GO analysis is a powerful tool, especially with respect to the biological function of a large set of genes.43 To underscore the functional differences between the local and metastatic NB variants as well as to link NB metastasis with essential biological processes and pathways, we applied GO analysis to our 2 sets of genes (genes with higher expression levels in the metastatic variants than in the local variant and genes with higher expression levels in the local variant than in the metastatic ones). This analysis underscored the fact that significantly more biological categories were classified by the genes highly expressed in the metastatic variants as compared to the local one. Interestingly, most of these biological processes are directly or indirectly associated with metabolic processes, for example, carbohydrate metabolism, other polysaccharide metabolism, lipid, fatty acid and steroid metabolism and electron transport. A major number of categories in the metastatic variants were associated with intercellular signaling and pathways. A relatively high number of genes are localized in the cytoplasm and endoplasmic reticulum of the metastatic variants.
Altogether, these data support previous reports that indicate the importance of metabolic and signaling pathways for the induction and maintenance of an activation state required for invasion and metastasis.44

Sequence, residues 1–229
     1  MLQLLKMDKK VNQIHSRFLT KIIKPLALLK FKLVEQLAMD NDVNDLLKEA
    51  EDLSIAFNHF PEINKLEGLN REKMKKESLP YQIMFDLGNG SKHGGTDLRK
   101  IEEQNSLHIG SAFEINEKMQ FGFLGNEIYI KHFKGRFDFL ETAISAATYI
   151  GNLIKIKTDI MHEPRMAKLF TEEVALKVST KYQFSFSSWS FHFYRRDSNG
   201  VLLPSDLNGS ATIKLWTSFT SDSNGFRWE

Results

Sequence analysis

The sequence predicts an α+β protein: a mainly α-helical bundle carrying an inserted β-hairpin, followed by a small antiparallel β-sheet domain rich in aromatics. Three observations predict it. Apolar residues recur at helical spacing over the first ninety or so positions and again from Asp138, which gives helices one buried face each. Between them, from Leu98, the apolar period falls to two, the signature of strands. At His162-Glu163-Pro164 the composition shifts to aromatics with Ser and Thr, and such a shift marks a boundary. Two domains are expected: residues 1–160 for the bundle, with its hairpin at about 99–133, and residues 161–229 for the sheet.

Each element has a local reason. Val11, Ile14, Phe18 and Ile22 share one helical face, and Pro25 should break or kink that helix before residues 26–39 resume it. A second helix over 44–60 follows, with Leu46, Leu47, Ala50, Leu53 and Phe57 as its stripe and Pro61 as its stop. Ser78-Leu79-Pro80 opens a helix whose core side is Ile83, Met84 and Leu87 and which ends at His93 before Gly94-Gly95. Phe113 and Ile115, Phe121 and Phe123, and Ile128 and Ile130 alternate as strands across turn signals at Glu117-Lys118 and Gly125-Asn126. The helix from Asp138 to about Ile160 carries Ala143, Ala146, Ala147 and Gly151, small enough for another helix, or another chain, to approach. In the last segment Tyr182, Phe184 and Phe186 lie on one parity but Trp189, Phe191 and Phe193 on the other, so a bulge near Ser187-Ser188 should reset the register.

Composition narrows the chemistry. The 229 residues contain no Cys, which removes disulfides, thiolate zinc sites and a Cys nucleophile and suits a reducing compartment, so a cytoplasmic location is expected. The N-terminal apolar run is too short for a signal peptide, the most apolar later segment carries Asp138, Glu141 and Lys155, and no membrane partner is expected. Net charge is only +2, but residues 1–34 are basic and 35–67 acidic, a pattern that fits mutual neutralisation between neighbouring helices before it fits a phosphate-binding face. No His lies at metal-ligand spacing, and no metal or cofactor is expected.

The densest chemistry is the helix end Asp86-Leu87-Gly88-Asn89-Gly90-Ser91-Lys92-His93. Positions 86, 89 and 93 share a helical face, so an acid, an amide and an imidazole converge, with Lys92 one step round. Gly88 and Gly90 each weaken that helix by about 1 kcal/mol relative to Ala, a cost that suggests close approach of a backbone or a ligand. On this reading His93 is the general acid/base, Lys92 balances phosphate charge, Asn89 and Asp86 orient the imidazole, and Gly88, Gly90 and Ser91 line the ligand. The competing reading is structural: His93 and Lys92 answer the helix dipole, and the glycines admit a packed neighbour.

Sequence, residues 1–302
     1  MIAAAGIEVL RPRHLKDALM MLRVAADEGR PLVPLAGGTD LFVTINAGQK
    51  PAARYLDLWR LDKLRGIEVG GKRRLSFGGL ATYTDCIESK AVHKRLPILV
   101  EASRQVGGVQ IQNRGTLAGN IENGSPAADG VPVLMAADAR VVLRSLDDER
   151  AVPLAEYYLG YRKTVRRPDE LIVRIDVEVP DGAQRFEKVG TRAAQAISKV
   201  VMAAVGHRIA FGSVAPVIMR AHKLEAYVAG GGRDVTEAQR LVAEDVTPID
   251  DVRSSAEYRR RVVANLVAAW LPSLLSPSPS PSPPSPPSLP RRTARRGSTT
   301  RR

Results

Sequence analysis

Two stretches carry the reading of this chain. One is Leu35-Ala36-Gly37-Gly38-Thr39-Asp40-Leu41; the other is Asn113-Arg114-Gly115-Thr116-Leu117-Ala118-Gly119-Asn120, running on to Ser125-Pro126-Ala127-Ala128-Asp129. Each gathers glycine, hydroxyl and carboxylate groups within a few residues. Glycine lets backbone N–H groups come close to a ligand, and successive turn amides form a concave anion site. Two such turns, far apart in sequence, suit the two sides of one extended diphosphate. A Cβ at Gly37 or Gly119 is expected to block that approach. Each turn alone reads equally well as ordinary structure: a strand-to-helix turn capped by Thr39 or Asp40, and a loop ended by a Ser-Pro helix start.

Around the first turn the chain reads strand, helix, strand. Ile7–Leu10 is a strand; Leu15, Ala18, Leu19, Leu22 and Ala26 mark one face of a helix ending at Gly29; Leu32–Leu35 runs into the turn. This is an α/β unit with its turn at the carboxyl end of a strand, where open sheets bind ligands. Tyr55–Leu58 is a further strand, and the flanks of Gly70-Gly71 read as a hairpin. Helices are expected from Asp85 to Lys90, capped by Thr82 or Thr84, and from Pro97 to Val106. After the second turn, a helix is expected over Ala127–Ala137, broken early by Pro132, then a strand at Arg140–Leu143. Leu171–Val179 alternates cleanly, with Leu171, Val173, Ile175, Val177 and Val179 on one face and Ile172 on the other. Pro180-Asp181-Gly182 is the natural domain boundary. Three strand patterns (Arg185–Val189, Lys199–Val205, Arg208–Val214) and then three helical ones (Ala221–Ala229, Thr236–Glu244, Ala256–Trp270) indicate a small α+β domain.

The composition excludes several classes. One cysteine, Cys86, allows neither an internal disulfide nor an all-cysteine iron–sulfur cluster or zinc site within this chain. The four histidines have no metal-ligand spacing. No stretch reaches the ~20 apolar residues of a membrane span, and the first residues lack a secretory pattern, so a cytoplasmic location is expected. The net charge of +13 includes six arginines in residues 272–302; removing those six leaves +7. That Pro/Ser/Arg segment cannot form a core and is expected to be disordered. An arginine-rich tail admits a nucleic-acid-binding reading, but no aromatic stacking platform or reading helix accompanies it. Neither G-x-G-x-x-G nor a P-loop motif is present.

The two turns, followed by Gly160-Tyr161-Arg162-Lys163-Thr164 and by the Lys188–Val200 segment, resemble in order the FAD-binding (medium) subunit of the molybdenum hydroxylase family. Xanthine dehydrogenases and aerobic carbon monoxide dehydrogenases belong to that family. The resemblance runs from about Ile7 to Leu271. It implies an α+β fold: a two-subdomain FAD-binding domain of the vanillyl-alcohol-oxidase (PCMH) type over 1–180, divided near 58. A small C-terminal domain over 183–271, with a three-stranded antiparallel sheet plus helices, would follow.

Further analysis has been performed in order to translate the xenograft model system to the clinical setting. We asked if any of the differentially expressed genes is also differentially expressed in Stage 1 and Stage 4 human NB primary tumors. In contrast to the xenograft NB variants that all share the same genetic background, the NB tumors originate from patients of different genetic backgrounds. Fourteen out of 112 differentially expressed genes (12.5%) found in the xenografted cell variants, are also differentially expressed in Stage 1 and Stage 4 tumors of NB patients., The clinical relevance of this gene expression pattern is demonstrated through its ability to discriminate between high- and low-risk patients in the human NB primary tumors that were examined. The 14 genes associated with metastasis can be classified according to the novel classification that discriminates between 3 groups of differentially expressed genes: metastatsis initiation genes, metastasis progression genes and metastasis virulence genes.45 Accordingly, we suggest that genes exhibiting low expression patterns in the metastatic variants and high expression patterns in Stage 4 tumors are classified as “metastasis initiation genes.” These genes provide an advantage in primary tumors and, in doing so, pave the way for the tumor cells to escape into the circulation. Therefore, the expression of these genes is critical in the initial steps of metastasis, and less important in later steps of the process. The second group of genes exhibits a similar pattern of expression in our metastatic cell variants, as well as in Stage 4 NB tumors. These genes are suggested to be “metastasis progression genes.” They fulfill certain rate-limiting functions in primary tumor growth; they are distinguished from oncogenes and can be found within gene-expression signatures that correlate with certain primary tumors with the risk of organ-specific dissemination. We further propose that the 3rd group of genes exhibiting a high expression pattern in the metastatic variants and a low expression pattern in Stage 4 tumors are “metastasis-virulence genes.” They are defined as genes that provide a selective advantage in secondary sites, but not in the primary tumor. Thus, their expression may be low in primary tumors, but are highly important and thus strongly upregulated once the cells reach the metastatic site.